Vihiga County, in western Kenya is seeking to recruit 2,500 farmers who have been growing kale, cabbage, spinach, broccoli and cauliflower and sell locally to venture into cultivating traditional African vegetables to supply to Carrefour supermarket.
In this, the county has unveiled a Sh30m plan aimed at supporting growers with small parcels of land that are not viable for large-scale agriculture where they will be supplied with seeds and cuttings for vegetables such as black nightshade (lisutsa), spider plant (tsisaga), amaranth (tsimboga), cowpeas (likuvi) and jute mallow (mutere).
According to 2010 research by Mary Oyiela Abukutsa-Onyango for JKUAT, introduction of exotic temperate crops such as cabbage, indigenous greens lost popularity in Kenya and started to be regarded as ‘weeds’ and `poor man’s food’
However, according to Vihiga Trade executive Geofrey Vukaya, the programme will turn the rural county into a commercial hub for traditional vegetables and earn the farmers better living.
“We have secured a deal with the supermarket to buy the traditional vegetables directly from the farmers. We will also set up collection centres at Walodeya in Chavakali, Wemilabi in Emuhaya, Majengo in Vihiga and Cheptulu in Hamisi where farmers will take their produce for sale,” said Vukaya.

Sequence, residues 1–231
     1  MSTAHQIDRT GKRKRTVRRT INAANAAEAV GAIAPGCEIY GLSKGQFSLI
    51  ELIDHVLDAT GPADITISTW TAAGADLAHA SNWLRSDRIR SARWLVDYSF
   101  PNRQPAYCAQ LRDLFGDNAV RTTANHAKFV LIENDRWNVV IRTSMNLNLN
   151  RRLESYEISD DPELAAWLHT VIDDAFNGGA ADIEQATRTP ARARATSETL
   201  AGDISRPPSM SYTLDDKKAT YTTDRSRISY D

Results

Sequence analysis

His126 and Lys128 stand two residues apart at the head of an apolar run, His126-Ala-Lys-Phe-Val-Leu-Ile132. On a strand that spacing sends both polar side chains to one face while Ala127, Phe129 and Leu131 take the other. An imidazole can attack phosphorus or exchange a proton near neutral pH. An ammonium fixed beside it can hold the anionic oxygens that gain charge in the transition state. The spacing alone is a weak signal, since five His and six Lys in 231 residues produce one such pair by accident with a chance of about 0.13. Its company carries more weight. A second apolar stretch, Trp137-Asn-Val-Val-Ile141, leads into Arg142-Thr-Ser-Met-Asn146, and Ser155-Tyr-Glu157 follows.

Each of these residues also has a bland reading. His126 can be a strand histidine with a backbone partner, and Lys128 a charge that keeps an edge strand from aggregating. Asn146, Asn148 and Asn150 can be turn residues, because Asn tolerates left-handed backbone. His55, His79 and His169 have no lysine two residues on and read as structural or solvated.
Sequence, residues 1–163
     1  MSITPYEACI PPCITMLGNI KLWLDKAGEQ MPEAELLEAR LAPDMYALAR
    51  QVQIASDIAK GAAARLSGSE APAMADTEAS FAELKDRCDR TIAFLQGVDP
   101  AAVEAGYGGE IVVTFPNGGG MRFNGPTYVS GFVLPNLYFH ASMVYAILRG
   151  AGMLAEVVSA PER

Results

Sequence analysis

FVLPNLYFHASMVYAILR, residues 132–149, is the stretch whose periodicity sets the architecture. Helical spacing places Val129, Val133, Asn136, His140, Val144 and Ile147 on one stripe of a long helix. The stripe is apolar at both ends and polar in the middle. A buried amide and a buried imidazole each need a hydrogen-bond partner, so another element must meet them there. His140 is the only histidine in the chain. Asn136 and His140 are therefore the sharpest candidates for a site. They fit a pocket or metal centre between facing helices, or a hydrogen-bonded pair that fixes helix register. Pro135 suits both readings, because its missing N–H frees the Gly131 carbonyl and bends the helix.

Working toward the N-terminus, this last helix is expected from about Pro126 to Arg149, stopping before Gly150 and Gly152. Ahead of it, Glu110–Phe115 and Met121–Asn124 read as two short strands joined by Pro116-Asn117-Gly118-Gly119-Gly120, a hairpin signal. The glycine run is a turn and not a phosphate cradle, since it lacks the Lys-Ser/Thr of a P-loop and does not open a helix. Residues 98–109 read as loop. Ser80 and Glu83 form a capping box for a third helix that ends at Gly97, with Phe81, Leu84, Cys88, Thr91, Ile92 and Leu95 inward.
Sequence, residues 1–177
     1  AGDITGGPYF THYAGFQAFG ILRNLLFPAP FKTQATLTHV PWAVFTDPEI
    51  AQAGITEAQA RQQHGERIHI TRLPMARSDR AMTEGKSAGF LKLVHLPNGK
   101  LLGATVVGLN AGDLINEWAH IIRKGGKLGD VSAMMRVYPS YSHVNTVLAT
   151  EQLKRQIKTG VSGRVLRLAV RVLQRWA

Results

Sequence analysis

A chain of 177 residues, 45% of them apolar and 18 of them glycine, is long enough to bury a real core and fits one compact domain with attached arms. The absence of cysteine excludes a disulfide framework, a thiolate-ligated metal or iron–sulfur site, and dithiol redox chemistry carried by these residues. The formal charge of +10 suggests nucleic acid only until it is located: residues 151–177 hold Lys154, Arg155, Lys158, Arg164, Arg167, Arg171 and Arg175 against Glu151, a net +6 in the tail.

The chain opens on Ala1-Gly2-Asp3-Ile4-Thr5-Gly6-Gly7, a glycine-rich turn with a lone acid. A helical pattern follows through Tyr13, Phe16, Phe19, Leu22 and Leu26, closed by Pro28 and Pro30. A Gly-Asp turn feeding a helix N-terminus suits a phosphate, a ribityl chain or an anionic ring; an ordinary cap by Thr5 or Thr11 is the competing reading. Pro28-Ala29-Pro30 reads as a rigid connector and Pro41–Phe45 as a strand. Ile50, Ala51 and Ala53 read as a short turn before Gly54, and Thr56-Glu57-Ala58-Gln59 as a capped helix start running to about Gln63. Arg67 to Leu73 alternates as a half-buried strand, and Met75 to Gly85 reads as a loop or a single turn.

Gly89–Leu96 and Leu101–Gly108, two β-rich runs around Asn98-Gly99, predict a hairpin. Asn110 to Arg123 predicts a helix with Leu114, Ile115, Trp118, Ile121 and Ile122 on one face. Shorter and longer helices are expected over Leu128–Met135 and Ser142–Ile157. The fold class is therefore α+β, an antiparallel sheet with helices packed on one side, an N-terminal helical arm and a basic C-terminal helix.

The centres will also serve as market for neighbouring counties of Nandi, Kakamega, Siaya and Busia.
“Despite the small sizes of farms in the county, venturing into cultivation of traditional vegetables will be viable for our farmers. We have decided to start with 2,500 farmers and will increase the number with time to reach more such farmers with the aim of upping their incomes,” said Vukaya.
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The trade executive said the seeds will be supplied by Natural Products Industry (NPI) while Jomo Kenyatta University of Agriculture and Technology (JKUAT) will provide training for the growers to ensure quality and standard harvests.
Fifteen sacks of traditional vegetables can be harvested per season on a one-acre piece of land and this can earn a farmer up to Sh102,400 per season.
With 60 per cent of the Kenyan population living below the poverty line, resulting in malnutrition and poor health, there is need for a paradigm shift in the production patterns to harness the nutrition and economic potential of indigenous vegetables, according to Abukutsa.